United States. Office of Indian Affairs / Annual report of the Commissioner of Indian Affairs, for the year 1892
The care of Indian schools, pp. 610-618 PDF (4.3 MB)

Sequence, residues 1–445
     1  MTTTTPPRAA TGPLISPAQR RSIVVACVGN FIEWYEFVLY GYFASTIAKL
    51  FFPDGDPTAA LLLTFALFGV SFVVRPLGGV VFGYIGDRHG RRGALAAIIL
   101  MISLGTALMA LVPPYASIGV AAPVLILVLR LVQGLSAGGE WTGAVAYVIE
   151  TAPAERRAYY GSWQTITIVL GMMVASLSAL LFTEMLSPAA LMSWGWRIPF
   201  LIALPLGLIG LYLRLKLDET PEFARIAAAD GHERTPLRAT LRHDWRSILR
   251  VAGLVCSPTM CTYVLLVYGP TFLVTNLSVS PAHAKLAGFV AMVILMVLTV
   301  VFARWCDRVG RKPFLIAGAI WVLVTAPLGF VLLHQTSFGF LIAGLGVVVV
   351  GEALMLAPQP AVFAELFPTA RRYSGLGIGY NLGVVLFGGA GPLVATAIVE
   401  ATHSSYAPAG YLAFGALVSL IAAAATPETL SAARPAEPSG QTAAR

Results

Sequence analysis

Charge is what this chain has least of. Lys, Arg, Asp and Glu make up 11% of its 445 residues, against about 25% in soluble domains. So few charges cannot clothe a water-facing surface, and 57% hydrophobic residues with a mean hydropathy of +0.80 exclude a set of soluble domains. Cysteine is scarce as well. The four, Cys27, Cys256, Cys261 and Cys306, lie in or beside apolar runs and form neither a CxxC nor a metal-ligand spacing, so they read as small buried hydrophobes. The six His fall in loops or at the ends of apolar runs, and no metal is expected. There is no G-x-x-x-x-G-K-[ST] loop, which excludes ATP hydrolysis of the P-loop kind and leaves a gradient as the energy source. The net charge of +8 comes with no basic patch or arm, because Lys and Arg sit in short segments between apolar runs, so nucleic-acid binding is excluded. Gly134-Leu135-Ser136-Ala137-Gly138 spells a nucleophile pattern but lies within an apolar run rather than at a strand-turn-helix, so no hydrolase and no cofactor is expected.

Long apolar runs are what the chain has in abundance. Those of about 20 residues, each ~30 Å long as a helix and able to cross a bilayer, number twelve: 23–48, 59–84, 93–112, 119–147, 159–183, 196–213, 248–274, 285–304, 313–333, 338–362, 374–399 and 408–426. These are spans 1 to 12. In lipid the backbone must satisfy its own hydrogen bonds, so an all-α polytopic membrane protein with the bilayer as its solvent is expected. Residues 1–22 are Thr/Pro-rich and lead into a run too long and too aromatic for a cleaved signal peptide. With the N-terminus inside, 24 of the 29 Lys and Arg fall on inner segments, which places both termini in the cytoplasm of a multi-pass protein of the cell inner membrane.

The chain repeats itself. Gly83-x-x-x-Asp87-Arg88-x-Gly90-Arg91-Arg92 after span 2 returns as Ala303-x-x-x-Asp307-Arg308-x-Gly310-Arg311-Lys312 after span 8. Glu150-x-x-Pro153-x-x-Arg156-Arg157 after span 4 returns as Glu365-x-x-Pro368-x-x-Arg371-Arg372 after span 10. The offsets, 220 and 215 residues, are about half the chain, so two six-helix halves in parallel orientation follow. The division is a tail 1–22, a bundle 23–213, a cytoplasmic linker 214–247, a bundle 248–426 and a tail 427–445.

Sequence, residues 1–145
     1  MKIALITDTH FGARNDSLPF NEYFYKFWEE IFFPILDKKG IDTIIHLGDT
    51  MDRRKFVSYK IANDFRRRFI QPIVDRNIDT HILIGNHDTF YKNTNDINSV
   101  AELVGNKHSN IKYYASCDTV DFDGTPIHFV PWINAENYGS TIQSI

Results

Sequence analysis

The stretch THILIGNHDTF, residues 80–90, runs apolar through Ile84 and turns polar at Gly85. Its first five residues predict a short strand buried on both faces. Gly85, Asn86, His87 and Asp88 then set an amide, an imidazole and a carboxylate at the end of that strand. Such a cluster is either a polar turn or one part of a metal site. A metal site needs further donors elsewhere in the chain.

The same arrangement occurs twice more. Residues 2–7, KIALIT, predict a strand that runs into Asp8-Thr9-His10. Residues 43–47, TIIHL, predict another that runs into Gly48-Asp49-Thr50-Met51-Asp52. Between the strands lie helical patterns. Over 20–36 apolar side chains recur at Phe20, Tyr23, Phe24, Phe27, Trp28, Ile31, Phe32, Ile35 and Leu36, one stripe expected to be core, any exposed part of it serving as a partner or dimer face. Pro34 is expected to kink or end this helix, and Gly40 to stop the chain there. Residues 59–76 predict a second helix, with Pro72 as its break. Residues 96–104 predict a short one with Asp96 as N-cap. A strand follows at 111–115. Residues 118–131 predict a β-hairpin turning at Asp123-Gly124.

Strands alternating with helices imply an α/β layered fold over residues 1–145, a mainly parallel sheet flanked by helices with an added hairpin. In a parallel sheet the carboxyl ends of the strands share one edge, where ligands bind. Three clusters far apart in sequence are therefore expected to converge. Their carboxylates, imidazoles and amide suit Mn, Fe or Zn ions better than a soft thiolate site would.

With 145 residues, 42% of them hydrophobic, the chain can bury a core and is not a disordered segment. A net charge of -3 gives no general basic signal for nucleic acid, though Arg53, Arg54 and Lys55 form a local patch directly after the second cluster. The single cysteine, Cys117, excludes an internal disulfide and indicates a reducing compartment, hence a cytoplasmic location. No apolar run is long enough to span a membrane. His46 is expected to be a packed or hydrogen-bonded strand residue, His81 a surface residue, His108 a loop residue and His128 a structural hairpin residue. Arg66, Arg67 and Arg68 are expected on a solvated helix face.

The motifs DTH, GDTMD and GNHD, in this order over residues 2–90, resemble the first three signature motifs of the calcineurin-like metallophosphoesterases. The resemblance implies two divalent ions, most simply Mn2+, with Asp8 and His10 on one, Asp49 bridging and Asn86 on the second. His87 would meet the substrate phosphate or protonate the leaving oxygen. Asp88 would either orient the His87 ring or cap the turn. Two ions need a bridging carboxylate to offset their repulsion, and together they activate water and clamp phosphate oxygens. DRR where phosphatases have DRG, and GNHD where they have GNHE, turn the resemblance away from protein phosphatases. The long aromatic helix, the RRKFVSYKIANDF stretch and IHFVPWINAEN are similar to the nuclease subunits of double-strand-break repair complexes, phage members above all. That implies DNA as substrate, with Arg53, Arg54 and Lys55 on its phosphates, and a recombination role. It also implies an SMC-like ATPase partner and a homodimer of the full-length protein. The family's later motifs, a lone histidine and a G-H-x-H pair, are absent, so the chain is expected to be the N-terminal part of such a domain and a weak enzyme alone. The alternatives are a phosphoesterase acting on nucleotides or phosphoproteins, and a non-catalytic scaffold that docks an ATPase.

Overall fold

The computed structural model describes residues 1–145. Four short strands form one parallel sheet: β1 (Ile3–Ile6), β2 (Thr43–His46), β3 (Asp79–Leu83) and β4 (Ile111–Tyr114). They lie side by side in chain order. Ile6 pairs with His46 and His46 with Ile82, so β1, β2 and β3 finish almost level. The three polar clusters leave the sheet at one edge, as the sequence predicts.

618 CARE OF INDIAN SCHOOLS. them some fine specimens of womanhood and manhood, together with a grow- ing aspiration for better things. In some instances these are manifestations of aptitude for higher studies and a desire for professional pursuits, and every- where there is an increased sense of self-respect and of independence. Some of those who have been most difficult to deal with in the earlier stages of their training have shown capacity and will power, and have developed into strong and noble characters. The prejudice against education on the part of their parents is passing away" there is growing up an increased appreciation of the immense value of the edu- cation provided, and a more ready acquiescence in the discipline to which they are subjected in the course of their preparation for usefulness and citizenship. Those engaged in this important work are entitled to public sympathy and en- couragement. T. J. MORGAN, Commissioner. WASHINGTON) D. C., January, 1893.
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